Dr. Virginia Banks, an infectious disease specialist, is part of a group of black doctors and scientists focused on ways to resolve healthcare disparities.
Dr. Virginia Banks
Dr. Virginia Banks says if the US really wants to end the pandemic, it will take mobile vans with vaccines to areas where people don't have transportation – and will even shoot at hair salons and barber shops.
With thousands of pharmacies receiving canned deliveries and vaccinations starting in their stores this week, the country is taking a significant step to reach more Americans. However, public health officials and lawyers say this won't go far enough in communities where people have been the sickest.
More black and Hispanic Americans were hospitalized and died of Covid-19. They also often face major barriers to getting vaccines: lack of transportation. A juggling with several jobs. Hesitation about past abuse by the medical community.
CVS Health and Walgreens will play a bigger role in the effort as a federal program ships cans to more of their stores and those of other retail pharmacies. The expansion represents a business opportunity for the two largest pharmacy chains in the country as they are paid for every vaccine and bring more foot traffic to the stores. The vaccine rollout will also test companies' commitment to expanding access to health care in black and Hispanic communities.
Banks, an infectious disease doctor in Ohio, is part of an advocacy group from the Infectious Diseases Society of America comprised of black doctors, scientists, and public health officials who work to resolve healthcare disparities. She said health care providers need to get creative and show commitment. She said they should set up clinics in familiar places like churches, and attract "trusted messengers" like pastors and community leaders.
"You have to look at where we are from a cultural point of view." and come to us, "she said.
More than fairness
The introduction of the vaccine in the US was slow and complex. Demand for cans has far outweighed the number of shots available for stabbing the arms. Online appointment systems were difficult to navigate and blocked by heavy traffic. To date, only two vaccines have emergency approval from the Food and Drug Administration and must be stored in cold and ultra-cold temperatures. And only a few Americans qualify for the shot, with each state having slightly different criteria for weighing factors like a person's age, health, or job.
About 48.4 million vaccines had been administered in the U.S. as of Friday, according to the Centers for Disease Control and Prevention. Almost 12.1 million people received both doses of the vaccine – just a small fraction of the 331 million people who live in the United States.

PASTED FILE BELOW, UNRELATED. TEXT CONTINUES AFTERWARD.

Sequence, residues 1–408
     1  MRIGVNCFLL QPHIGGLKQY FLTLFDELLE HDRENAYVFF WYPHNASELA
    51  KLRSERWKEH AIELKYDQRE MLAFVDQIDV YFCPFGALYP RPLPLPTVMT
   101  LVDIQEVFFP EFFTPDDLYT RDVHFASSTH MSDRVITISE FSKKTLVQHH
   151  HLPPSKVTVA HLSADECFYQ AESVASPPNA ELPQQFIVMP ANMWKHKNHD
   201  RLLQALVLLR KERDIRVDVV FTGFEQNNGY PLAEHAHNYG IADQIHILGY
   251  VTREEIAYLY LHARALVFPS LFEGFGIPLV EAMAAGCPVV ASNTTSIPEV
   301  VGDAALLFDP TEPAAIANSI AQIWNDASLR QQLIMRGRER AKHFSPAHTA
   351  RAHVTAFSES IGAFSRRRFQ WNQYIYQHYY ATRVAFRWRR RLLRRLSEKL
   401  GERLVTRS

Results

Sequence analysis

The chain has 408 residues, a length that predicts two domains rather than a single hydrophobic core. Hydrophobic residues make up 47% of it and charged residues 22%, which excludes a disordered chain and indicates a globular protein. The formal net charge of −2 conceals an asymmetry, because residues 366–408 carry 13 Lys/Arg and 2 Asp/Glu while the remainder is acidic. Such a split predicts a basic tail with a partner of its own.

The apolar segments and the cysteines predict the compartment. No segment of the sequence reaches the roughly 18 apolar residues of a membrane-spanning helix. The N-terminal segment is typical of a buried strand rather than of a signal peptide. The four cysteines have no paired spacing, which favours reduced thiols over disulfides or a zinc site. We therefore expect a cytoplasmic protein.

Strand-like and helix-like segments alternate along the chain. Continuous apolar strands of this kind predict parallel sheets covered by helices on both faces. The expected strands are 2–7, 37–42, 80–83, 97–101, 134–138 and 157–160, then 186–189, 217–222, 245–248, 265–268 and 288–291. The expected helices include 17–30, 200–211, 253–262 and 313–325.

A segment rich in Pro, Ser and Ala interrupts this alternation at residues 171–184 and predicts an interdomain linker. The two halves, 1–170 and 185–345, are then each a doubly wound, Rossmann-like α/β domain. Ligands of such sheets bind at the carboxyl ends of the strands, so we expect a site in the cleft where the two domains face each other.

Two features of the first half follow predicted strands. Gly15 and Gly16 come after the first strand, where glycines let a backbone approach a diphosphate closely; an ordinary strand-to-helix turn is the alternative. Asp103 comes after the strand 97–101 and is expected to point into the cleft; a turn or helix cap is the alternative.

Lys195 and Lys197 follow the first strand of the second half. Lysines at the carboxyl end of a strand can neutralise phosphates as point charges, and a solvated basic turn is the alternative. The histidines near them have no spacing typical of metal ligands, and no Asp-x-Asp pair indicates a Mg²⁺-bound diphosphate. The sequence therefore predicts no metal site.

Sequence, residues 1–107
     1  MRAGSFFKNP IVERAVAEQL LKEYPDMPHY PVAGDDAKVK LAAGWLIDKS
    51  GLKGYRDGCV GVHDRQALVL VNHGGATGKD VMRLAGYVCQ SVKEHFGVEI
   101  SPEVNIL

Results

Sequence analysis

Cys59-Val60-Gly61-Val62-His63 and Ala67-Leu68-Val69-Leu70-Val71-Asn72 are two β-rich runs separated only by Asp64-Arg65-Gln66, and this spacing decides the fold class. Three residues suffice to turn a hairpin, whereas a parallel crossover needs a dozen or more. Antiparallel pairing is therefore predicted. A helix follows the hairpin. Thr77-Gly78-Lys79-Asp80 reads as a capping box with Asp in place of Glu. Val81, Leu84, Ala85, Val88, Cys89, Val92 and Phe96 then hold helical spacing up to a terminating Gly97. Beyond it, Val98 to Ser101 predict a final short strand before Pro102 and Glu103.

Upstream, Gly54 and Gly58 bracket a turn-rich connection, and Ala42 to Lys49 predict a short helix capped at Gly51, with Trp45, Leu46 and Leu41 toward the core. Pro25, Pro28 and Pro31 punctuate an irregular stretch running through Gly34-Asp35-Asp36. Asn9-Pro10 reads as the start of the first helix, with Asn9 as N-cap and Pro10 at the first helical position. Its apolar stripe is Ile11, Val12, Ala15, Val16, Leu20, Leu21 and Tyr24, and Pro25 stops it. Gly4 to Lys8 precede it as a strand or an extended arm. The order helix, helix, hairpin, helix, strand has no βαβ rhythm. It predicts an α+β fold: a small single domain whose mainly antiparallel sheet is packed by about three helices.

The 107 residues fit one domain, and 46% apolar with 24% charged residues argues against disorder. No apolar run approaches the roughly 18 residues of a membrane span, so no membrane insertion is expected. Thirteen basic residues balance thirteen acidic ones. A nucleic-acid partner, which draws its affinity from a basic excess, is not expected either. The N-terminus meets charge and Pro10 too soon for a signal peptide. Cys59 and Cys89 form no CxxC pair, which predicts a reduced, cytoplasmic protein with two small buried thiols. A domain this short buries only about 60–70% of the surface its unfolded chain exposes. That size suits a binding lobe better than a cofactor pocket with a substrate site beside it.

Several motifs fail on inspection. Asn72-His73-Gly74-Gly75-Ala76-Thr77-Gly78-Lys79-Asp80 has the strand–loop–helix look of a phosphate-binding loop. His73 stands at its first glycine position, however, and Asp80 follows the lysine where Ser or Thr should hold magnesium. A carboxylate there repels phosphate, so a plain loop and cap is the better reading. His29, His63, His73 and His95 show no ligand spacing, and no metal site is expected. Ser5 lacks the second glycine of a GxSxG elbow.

The country's goal is to vaccinate between 70% and 85% of the U.S. population – or approximately 232 to 281 million people – to achieve herd immunity, according to Dr. Anthony Fauci, the President's Chief Medical Officer.
People without an appointment are standing in line to potentially receive a dose of the Pfizer-BioNTech Covid-19 vaccine after all appointments are administered on Thursday, February 11, 2021 at the vaccination site at the Sun City Anthem Community Center in Henderson, Nevada .
Roger Kisby | Bloomberg | Getty Images
The chaotic rollout meant that some took pictures and others didn't. According to a CDC study, most of the nearly 13 million people who were given at least one shot of a Covid-19 vaccine within the first month after the drugs were distributed were women aged 50 or older and likely non-Spanish and white .
In vaccine distribution, equity is not just a question of fairness. It's also a crucial way to slow the spread in communities where Covid-19 cases, hospitalizations, and deaths are more common. Black and Hispanic Americans are 3.7 times and 4.1 times more likely to be hospitalized from Covid than white Americans at the end of November, according to the CDC. Both minorities are 2.8 times more likely to die from the disease than white Americans.
In a badly affected neighborhood, the impact of each shot can be even greater – reaching people who are at greater risk from working in grocery stores or other frontline jobs, or living in airtight apartment or multi-generational households.
Reluctance to vaccinate is also higher among blacks and browns, which can be traced back to the history of the medical community where minorities have been mistreated and fewer health practices have been opened in their neighborhood. A survey of New Yorkers conducted by the Association for a Better New York found that 78% of White residents would take the vaccine as soon as possible, compared to 39% of Black residents, 54% of Hispanics, and 54% of Asians .
"Put your money where your mouth is"
For providers like CVS and Walgreens, having more doses of the vaccine is a business opportunity. You are paid for every vaccine, and the government pays for it if a person is not covered by health insurance. Jefferies estimated that each shot will have a gross margin of $ 13-15 and could bring about $ 1 billion in additional gross profit for CVS in the next year.
Both drugstore chains have set their strategy of adding more health services from primary care clinics to diabetes screenings. They have also reinforced their commitments to eradicate racial inequality in response to George Floyd's murder and nationwide protests. CVS plans to invest nearly $ 600 million over five years to support political initiatives and internal efforts such as: For example, black workers are looked after and free health checks for blood pressure and cholesterol are available in stores.